Assessing the Climate Change Readiness of Pacific Island Water and Sanitation Utilities

Pacific Island countries have significant gaps in access to water and sanitation. Data collected by the WHO/UNICEF Joint Monitoring Program in 2017 shows that access to safely managed or basic water supply is only 55 percent, and access to basic sanitation is 30 percent on average, across the Pacific.

Climate change continues to be an ongoing threat to Pacific Island countries and exacerbates existing environmental and affordability challenges experienced by utilities in the region. As climate events continue to become more frequent – including a stronger season rainfall cycle and increasing frequency of extreme events – they will continue to have adverse impact upon utilities who will continue to face operational challenges around water availability.

Resilient and reliable utilities can play a central role in decreasing the coverage gap and ensuring sustainable water and sanitation services in the face of climate change threats.

Some utilities are enhancing their climate change readiness through implementation of technological solutions such as desalination. However, climate change considerations also need to be addressed through policy, strategy, and long-term planning.

The Pacific Water and Wastewater Association (PWWA) has been a key partner of the Australian Water Partnership for many years. Current engagement in partnership with Hunter H2O and the World Bank includes identifying gaps in the climate-readiness of Pacific Island Water Supply and Sanitation utilities. This is being done through an assessment of their development and application of policies, strategies, plans and operations that incorporate climate risk, climate trends, and climate change adaptation and mitigation measures.

Key to the project outcomes is the development of a standardised diagnostic tool and assessment process of the maturity of the individual utility in terms of their climate-readiness. The results of the assessment will be used to inform recommendations for the utility to support ongoing climate change readiness. If successful, this process can then be rolled out throughout the PWWA network across 21 Pacific Island countries to better prepare utilities against the impacts of climate change.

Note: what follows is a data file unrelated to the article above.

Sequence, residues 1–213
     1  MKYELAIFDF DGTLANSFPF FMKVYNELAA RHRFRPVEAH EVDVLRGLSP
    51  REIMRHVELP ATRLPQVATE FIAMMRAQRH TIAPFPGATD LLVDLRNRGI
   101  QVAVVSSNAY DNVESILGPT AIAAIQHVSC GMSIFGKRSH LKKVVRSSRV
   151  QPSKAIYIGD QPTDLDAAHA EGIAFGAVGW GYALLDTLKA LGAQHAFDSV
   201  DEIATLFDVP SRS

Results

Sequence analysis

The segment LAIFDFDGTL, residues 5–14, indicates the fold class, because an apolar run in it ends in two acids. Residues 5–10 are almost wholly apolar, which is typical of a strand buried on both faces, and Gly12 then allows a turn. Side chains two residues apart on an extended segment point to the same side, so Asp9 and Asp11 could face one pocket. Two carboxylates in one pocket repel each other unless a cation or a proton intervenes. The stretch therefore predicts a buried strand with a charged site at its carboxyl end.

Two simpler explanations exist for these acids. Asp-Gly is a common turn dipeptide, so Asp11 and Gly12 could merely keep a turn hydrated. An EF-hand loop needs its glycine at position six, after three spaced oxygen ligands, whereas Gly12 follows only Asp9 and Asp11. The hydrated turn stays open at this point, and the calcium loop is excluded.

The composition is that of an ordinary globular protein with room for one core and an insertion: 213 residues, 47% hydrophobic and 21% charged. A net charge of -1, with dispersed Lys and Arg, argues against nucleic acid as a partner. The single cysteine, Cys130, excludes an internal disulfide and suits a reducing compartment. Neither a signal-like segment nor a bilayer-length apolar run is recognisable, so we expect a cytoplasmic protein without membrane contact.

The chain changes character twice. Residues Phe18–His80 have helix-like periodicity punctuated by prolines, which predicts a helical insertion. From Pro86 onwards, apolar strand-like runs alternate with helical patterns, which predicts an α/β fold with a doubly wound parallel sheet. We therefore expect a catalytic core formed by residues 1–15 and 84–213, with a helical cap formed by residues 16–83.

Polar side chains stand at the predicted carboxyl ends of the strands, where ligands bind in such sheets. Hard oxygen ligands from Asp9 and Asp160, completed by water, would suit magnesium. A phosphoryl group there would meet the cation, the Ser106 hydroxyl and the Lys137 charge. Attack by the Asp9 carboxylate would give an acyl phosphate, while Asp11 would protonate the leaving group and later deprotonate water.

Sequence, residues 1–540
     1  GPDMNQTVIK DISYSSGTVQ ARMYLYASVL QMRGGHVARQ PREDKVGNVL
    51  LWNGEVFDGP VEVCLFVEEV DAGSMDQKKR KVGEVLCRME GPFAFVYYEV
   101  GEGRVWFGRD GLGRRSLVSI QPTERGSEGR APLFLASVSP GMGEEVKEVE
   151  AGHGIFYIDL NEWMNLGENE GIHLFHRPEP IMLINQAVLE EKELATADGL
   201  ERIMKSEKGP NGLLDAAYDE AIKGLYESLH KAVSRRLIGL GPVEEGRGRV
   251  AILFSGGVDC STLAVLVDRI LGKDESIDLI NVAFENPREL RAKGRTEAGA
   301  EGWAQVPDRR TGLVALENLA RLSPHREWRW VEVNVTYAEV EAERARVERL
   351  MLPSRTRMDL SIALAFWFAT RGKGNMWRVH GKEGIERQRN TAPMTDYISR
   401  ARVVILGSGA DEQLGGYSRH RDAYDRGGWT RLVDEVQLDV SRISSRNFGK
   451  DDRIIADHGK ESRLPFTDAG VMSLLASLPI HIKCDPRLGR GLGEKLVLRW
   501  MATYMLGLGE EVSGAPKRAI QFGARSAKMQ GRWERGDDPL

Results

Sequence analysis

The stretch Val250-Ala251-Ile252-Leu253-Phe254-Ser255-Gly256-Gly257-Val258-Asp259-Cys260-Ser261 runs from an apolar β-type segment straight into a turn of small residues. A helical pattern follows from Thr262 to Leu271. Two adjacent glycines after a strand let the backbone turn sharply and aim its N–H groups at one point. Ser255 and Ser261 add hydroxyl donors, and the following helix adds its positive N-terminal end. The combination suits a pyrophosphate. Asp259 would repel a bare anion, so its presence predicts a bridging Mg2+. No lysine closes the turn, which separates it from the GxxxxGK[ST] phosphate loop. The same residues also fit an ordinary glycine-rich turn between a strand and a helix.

The first step has been a literature review to identify key threats and vulnerabilities for Pacific Islands Water Supply and Sanitation utilities, as well as success factors and different approaches to assessing utility performance in responding to climate change.

All of these elements have been considered in the development of a standardised Assessment Matrix, which has since been developed into a user-friendly tool that incorporates relevant elements that have been adjusted to suit the Pacific context.

The current focus is on testing the Assessment Matrix and will evaluate utility maturity to:

  • incorporate climate change vulnerability and risk, climate trends, climate change adaptation and mitigation measures in utility policies, strategic planning, infrastructure planning and operations; and
  • apply climate-informed policies, strategies, plans and operations, including monitoring and responding to climate shocks at an operational level.

The penultimate phase of the activity will focus on data collected being reviewed and processed to assess utility maturity. This will be followed by an analysis of gaps in the utility’s climate change readiness and then development of recommendations to address these gaps. Gap analysis will consider the utility vulnerabilities to climate change compared to the current and aspirational level of maturity.

This project is a prime example of partnership between regional, international, and private sector stakeholders working together to address the key challenge of climate change readiness within the Pacific. If successful, this activity has the potential to ensure the members of the PWWA network are climate change ready for the immediate and long-term future.

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